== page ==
Armed with a vision to somehow combine his two loves — cycling and watersports — Guy Howard-Willis teamed up with bike designer Roland Alonzo and a team of engineers to create a product that fit a very specific set of requirements. From relatively rudimentary beginnings — early developments were made in Roland’s garage — to setting up shop in an airport hangar in Mount Maunganui, to finally settling in Cambridge where Lake Karapiro served as the ultimate testing ground for their invention, it has taken six years and seven prototypes to transform this passion project into a viable, commercial product. Enter the Manta5 Hydrofoiler XE-1.
Beginning as nothing more than a pipe dream, to being on the verge of release this summer, the aquatic e-bike has been designed with assisted rider capabilities (via a waterproof, removable battery), hydrofoil technology (think a scaled down version of Team New Zealand’s America’s Cup boat) and a carbon fibre frame. By combining the operating systems of a bicycle with the technology that allows it to zoom across the water’s surface, the Manta5 is unlike anything created before.
Just picture yourself gliding across a lake, wind in your hair, cruising at a top speed of 20 kilometres per hour, without a care in the world. With a focus on seamless functionality, the modular bike is light, user-friendly — it’s able to be carried to and from the water by hand — and operable in both fresh and saltwater. But for Howard-Willis, the Manta5 has the potential to go further than just laid-back, summer cruising. He says, “Eventually, I want this bike to be a sports product, so it’s competitive.” Does this mean we’ll start seeing Manta5 clubs popping up all over the country after its release? Perhaps. If Howard-Willis has his way, this will become something included in the Olympic games. “It might take a while to get there” he comments on this lofty vision, “maybe I’m too ambitious, but I’ve always been a dreamer.”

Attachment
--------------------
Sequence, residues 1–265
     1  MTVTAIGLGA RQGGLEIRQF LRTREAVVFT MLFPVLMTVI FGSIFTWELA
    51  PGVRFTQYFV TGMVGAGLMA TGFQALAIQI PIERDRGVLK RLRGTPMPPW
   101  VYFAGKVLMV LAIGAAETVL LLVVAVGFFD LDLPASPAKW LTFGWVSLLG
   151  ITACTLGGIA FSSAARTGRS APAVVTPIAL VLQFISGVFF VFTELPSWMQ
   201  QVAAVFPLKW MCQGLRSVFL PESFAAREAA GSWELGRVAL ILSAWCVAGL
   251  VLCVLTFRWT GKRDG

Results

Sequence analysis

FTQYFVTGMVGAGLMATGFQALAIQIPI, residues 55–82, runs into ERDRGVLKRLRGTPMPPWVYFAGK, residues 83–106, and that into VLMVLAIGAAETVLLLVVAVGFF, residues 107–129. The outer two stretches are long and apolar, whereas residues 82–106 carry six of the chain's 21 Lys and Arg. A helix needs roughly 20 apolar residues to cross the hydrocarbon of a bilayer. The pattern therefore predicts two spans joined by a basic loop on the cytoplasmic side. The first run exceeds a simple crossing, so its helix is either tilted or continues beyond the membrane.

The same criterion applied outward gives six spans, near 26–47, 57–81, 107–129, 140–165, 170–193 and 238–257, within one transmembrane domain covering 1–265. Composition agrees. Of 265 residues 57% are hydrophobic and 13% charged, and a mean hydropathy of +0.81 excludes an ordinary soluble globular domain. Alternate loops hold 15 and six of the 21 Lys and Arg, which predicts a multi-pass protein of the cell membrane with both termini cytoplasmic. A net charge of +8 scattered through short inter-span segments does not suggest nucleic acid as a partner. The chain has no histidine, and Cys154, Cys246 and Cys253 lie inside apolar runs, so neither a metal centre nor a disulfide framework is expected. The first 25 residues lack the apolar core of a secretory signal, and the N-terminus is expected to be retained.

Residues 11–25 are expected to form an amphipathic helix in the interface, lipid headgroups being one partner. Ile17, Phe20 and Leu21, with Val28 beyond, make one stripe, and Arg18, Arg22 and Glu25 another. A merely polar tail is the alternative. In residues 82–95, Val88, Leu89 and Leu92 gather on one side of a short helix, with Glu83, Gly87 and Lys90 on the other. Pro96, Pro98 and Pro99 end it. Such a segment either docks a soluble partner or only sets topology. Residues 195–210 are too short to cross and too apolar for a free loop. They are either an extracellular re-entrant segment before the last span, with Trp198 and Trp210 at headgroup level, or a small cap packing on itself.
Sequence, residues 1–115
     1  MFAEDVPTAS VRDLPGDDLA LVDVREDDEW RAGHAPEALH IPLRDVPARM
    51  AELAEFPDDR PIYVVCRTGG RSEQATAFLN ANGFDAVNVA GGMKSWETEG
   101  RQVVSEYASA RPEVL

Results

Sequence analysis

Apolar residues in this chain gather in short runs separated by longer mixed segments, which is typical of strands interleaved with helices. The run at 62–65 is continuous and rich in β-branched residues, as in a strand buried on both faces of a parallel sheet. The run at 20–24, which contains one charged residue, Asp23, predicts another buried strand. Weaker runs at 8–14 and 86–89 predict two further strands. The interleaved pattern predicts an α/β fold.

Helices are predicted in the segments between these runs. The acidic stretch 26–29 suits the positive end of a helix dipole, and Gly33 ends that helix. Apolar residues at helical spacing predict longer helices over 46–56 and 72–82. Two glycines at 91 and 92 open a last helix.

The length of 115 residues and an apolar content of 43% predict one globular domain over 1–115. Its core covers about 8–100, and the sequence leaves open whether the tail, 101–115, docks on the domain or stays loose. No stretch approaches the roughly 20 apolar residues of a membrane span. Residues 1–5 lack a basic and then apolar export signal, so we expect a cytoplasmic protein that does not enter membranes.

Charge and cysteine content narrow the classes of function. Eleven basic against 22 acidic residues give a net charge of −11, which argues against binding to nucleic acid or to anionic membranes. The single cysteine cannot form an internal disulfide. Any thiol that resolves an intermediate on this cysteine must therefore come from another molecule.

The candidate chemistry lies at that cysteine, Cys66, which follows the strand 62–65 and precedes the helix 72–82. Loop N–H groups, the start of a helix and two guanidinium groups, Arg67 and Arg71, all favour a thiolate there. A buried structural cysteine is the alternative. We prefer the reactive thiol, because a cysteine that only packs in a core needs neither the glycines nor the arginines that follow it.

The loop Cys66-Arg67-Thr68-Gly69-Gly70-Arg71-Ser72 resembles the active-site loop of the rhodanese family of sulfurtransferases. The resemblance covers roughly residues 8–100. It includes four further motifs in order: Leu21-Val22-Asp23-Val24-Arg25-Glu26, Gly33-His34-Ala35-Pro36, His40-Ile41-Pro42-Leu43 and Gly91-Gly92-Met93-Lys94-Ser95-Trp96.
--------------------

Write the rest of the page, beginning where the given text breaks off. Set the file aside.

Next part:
The Manta5 Hydrofoiler XE-1 is available for pre-order here.